Perception is reality in the SEC vs Big Ten debate

uspw_5751726

Back in early February, Urban Meyer called out his fellow Big Ten coaches with regards to the average recruiting performance of the conference. Why would he want to push his competition to recruit better players? Because in today’s world of college football, the perception of the strength of each conference is huge.

Last night, the evidence was again on display as the Big Ten had only a single player drafted in the first round of the NFL Draft. The SEC had 12.

The gap has widened so much that the debate really isn’t a debate anymore. Everyone knows the SEC consistently plays a much better brand of football than the Big Ten right now. This doesn’t mean this will last forever, but it is meaningful for the near term and for as long as the SEC is keeping national titles down south.

Never before has conference reputation mattered so much in college football. Part of the environment has been created as a result of the fusion of SEC dominance and SEC pride. The noise has been getting louder and if you’re not from the SEC, frankly, it’s getting annoying. A form of conference pride in the Big Ten and other conferences has taken root essentially in response to the SEC chants.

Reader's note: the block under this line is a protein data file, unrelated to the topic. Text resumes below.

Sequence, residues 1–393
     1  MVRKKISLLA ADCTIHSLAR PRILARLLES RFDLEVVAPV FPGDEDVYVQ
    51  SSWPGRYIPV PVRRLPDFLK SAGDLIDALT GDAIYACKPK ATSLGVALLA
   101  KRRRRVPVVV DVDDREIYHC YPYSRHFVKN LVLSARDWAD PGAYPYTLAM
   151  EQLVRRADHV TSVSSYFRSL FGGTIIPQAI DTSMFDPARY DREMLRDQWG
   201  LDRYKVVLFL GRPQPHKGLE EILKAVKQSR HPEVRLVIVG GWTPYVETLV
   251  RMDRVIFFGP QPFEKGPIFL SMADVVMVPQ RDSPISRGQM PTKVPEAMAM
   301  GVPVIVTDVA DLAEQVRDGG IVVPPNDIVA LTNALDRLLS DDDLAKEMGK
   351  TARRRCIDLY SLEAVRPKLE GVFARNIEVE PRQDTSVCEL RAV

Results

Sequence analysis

While the conference pride is becoming more widespread, the conference reputation has real ramifications in what happens during each season of college football.

During the 2012 season, there were times when more than half of the top ten teams in the country were from the SEC. Single loss SEC teams were ranked higher than undefeated teams from other conferences. Two loss SEC teams were ranked higher than one loss teams from the other conference. This reality in the polls has been earned by years of consistent dominance on the field.

This same reputation will be enormous as we move into a four-team playoff with the selection committee seeding the four teams. Of course anything can happen in a season, but it’s difficult to imagine any conference having a decent chance at placing two teams in the four playoff teams other than the SEC.

The NFL Draft is an NFL event, but it’s impact isn’t confined to just the pro league. People are paying attention, and people notice that the talent level of the SEC is constantly reinforced whether it is recruiting rankings or the NFL Draft. Don’t think that this doesn’t have a lasting impact. It does, and it’s yet another reason why the SEC will be given the benefit of the doubt for polls next season. Rightfully so.

COMMENTS

You must be logged in to post a comment. Please sign in or register

  • Other conferences probably think the 4-team playoff system will bring parity to the major BCS conferences; I think it will swing it more so in the SEC’s favor. Look at last season, could anyone realistic argue any other teams besides Notre Dame, Bama, UGA, and UF to make it if it were in place last season?